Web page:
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Sculptor Augusta Savage in her studio working on her 1939 New York World's Fair monument Lift Every Voice and Sing. Image courtesy of Manuscripts and Archives Division, The New York Public Library.

Searching for Augusta Savage

Art Films and Special Screenings

  • Saturday, June 22, 2024
  • 2:00 p.m. – 3:00 p.m.
  • East Building Auditorium
  • Talks
  • Films
  • In-person
  • Registration Required
  • Drop-In Registration

Join us for a screening of Searching for Augusta Savage introduced by host and narrator Jeffreen M. Hayes, followed by a discussion with filmmakers Charlotte Mangin and Sandra Rattley.

Searching for Augusta Savage documents artist Augusta Savage (1892–1962), a leading figure of the Harlem Renaissance. A sculptor and art educator, Savage was one of the first Black women art activists of her time and fought for the inclusion of Black artists in the mainstream. She also opened the first gallery in the United States dedicated to African American art. In the film, art historian Jeffreen M. Hayes explores Savage's legacy, and why her artwork has been largely erased. Hayes curated the exhibition Augusta Savage: Renaissance Woman and serves as the executive director of Threewalls. (Charlotte Mangin and Sandra Rattley, 23 minutes)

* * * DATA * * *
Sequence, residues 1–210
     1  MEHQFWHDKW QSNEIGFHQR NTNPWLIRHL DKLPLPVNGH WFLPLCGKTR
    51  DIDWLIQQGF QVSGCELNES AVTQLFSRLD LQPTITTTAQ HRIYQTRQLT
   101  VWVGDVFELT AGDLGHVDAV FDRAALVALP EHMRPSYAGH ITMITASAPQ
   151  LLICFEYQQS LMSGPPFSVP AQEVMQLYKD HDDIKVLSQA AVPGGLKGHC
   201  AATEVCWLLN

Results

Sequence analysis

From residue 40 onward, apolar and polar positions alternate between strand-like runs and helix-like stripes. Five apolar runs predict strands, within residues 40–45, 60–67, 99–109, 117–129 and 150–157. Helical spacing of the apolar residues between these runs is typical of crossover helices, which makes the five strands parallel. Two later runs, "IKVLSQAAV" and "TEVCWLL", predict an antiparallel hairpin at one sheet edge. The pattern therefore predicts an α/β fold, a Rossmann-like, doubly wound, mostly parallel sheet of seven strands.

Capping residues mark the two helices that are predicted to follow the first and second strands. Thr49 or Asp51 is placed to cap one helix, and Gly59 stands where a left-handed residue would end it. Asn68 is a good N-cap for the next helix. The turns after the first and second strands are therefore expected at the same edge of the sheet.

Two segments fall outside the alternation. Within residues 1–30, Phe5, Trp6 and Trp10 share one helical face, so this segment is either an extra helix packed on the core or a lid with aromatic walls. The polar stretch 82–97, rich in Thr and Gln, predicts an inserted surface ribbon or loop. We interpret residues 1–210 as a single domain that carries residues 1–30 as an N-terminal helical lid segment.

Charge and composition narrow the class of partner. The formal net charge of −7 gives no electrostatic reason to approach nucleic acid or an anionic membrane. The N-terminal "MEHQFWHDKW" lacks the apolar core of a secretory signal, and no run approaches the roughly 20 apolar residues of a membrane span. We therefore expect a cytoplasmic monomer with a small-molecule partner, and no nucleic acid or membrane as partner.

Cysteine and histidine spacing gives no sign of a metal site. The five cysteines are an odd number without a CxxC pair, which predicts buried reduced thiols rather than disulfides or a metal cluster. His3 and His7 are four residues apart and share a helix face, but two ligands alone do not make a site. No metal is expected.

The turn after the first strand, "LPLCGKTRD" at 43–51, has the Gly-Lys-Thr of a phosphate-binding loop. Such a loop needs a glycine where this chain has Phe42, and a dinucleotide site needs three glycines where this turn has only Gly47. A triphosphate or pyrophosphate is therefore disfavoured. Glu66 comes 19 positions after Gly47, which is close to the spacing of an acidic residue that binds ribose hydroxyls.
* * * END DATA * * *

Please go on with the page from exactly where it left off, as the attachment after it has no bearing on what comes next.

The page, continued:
Followed by A Study of Negro Artists, an early documentary study of Black artists at work. Featuring Lois Mailou Jones, Aaron Douglas, Augusta Savage, and other Black luminaries, the silent film captures their artistry in a pivotal moment. (Jules V.D. Bucher, 1935, 27 minutes)

This program was made possible by Darryl Atwell.

Related Video
Jeffreen M. Hayes, Augusta Savage: A Woman of Her Word